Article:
This year’s mergers-and-acquisitions boom is re-shaping industries and contributing handsomely to the bottom lines of leading investment banks.  One statutory provision triggered in many transactions—not just those involving major wireless or satellite broadcasting companies—is Section 310(d) of the Communications Act of 1934, as amended. This provision requires that the FCC grant its prior consent to the assignment of radio station licenses or the transfer of control of a radio station licensee.  

Radio licenses issued by the FCC are essential assets of commercial wireless carriers such as Verizon or AT&T, TV and radio broadcast licensees, and satellite broadcasting companies.  These are among the prized assets in transactions involving these companies. Section 310(d) is the principal lever available to the FCC and interested parties for assessing whether major transactions involving communications and media companies are in the public interest.   

Section 310(d) is sometimes overlooked in transactions involving entities that are not telecommunications companies, but have obtained FCC licenses to operate mobile, fixed or satellite radio systems to support the target company’s internal wireless voice and data communications requirements. 

These are often referred to as "private wireless systems" and are widely deployed by operators of oil and gas pipelines, refineries, exploration and production fields; electric distribution and transmission networks and power generation facilities; chemical plants; and railroads. Large retailers, some logistics companies, and many manufacturing companies also operate private wireless systems. 

Investments in private wireless systems by a critical infrastructure company are often measured in millions of dollars.  Apart from the technology, these licenses are valuable in and of themselves because in many areas of the country the spectrum allocated for private wireless systems is exhausted or the company paid several million dollars to obtain area-wide licenses at an FCC auction or acquired the spectrum from auction winners—consistent with the FCC’s secondary markets rule.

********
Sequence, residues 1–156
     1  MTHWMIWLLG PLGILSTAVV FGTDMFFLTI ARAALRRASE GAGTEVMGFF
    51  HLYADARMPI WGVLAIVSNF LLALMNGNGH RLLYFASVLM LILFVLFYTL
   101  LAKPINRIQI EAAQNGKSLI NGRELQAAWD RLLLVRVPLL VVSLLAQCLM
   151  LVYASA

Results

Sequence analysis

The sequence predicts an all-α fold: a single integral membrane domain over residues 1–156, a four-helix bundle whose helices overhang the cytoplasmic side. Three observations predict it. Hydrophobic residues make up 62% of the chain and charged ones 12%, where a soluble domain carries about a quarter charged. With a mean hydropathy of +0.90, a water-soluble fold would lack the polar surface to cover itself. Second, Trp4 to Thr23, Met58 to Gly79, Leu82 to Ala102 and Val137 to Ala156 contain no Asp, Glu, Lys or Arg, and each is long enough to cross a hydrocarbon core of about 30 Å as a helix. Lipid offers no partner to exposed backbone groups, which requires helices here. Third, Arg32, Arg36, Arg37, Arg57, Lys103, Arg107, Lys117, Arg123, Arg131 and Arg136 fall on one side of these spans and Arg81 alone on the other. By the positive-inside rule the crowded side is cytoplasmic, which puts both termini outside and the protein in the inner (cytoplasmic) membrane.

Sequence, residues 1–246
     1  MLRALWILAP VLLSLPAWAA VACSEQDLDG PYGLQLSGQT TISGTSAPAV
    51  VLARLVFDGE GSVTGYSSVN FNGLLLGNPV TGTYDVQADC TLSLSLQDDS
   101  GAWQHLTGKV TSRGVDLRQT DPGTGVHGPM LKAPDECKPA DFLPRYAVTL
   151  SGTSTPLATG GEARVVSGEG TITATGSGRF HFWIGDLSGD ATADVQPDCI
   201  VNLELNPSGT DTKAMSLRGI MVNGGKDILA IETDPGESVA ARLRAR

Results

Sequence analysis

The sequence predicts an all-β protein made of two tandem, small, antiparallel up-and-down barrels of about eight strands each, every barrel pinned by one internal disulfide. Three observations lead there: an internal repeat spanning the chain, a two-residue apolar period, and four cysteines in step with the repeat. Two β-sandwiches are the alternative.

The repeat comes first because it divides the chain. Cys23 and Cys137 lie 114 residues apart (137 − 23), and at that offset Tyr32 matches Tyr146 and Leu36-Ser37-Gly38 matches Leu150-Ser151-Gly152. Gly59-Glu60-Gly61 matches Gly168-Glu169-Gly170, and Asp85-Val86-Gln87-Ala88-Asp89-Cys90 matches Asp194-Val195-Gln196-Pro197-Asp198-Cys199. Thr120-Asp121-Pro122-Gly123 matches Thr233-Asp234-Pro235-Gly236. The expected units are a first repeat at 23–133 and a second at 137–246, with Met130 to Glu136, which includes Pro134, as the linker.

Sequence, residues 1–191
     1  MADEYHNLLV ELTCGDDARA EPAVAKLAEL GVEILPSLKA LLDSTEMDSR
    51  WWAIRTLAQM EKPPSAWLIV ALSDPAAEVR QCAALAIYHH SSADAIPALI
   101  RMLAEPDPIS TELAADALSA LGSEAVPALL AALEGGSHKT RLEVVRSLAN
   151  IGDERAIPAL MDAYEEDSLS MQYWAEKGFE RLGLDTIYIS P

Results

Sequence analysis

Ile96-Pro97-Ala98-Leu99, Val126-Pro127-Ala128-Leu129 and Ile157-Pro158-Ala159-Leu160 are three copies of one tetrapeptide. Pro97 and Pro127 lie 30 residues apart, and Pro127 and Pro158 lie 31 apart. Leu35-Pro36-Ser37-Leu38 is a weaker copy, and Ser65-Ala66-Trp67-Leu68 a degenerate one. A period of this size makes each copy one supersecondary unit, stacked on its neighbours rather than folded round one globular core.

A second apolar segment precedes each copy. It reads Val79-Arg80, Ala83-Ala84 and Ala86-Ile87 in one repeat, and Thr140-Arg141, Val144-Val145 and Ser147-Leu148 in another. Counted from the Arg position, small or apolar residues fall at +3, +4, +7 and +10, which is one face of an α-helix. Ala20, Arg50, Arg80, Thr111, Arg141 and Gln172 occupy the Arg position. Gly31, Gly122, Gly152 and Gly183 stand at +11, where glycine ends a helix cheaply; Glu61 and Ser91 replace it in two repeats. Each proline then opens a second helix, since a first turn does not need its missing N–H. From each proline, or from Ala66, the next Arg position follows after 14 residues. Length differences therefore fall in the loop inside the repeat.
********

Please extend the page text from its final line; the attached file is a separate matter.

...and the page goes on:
Assignment and transfer of control applications pertaining to private wireless systems do not raise major public policy or competitiveness issues and almost always are reviewed and acted upon by the FCC’s Wireless Telecommunications Bureau or the Satellite Division of the International Bureau.  Timeliness is essential to avoid the possibility of an enforcement action as the FCC’s consent must be obtained prior to closing

Generally, these applications should be filed no later than 60 days prior to the anticipated closing date.  The principal due diligence task is developing the inventory of the target company’s FCC licenses and confirming the licenses are in good order, as discussed below. 

In reviewing applications for transfers of control or the assignment of licenses, the FCC focuses on whether the licenses subject to the transaction are in effect (not expired) and are “constructed,” or, as applicable, the geographic coverage requirement has been met;  the assignee or transferee (or an affiliate of the assignee or transferee) meets the FCC’s “eligibility requirements” for each license; direct and indirect foreign ownership questions regarding the assignee/transferee are addressed;  the required certifications are made, including whether the transferee or the assignee, or any controlling entity, has been convicted of a felony in state or federal court; and whether  the applicants are delinquent in fees owed the FCC.  In certain instances, the FCC license-holding entities of the acquiring company must be disclosed.